Lenk, Felix; Sürmann, Almuth; Oberthür, Patrick; Schneider, Mandy; Steingroewer, Juliane; Bley, Thomas

2014-06-01

309

Influence of inoculation with plant growth promoting rhizobacteria (PGPR) on tomato plant growth and nematode reproduction under greenhouse conditions.  

PubMed

Numerous species of soil bacteria which flourish in the rhizosphere of plants or around plant tissues stimulate plant growth and reduce nematode population by antagonistic behavior. These bacteria are collectively known as PGPR (plant growth promoting rhizobacteria). The effects of six isolates of PGPR Pseudomonas putida, Pseudomonas fluorescens, Serratia marcescens, Bacillus amyloliquefaciens, Bacillus subtilis and Bacillus cereus, were studied on tomato plant growth and root knot nematode reproduction after 45 days from nematode infection. The highest number of shoot dry weight/g (43.00 g) was detected in the plant treated with S. marcescens; then P. putida (34.33 g), B. amyloliquefaciens (31.66 g), P. fluorescens (30.0 g), B. subtilis (29.0 g), B. cereus (27.0 g) and nematode alone (untreated) 20 g/plant. While the highest number of plant height was observed when plant was treated with S. marcescens, P. fluorescens, P. putida, B. amyloliquefaciens and P. putida 52.66, 50.66, 48 and 48 cm respectively. No significant differences were seen between previous treatments but only had significant differences compared with untreated plant. The highest number of fruit/plant was observed when plants were treated with S. marcescens (10.66), then B. amyloliquefaciens (8.66), P. putida (8), P. fluorescens (8) and B. cereus (7.66). No significant differences between the last 4 treatments, but all had significant differences compared with untreated plants. The highest weight of plant yield (g) was observed with S. marcescens (319.6 g/plant) and the lowest weight of plant yield was observed in plants treated with nematode alone (untreated). On the other hand, the lowest numbers of J2/10 g of soil (78), galls/root, (24.33) galls/root, egg masses/root (12.66) and egg/egg masses were observed in the plants treated with S. marcescens. PMID:23961220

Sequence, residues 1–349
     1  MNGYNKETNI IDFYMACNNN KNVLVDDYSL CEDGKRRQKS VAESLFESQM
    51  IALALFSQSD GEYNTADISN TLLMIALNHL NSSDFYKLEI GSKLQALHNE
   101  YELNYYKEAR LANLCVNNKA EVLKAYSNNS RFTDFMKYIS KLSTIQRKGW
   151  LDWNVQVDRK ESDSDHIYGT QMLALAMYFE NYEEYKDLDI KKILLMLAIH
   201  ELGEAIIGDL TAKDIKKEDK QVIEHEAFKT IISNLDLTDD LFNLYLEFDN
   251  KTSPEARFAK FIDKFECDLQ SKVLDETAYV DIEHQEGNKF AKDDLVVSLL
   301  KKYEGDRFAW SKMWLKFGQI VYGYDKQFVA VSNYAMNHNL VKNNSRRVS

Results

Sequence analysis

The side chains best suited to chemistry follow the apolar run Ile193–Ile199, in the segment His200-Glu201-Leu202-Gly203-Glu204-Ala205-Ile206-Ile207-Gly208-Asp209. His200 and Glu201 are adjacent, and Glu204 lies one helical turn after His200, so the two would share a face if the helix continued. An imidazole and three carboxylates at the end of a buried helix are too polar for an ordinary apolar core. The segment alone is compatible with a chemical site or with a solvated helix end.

Almaghrabi, Omar A; Massoud, Samia I; Abdelmoneim, Tamer S

2013-01-01

310

Growth performance, carcass quality, biochemical and haematological traits and immune response of growing rabbits as affected by different growth promoters.  

PubMed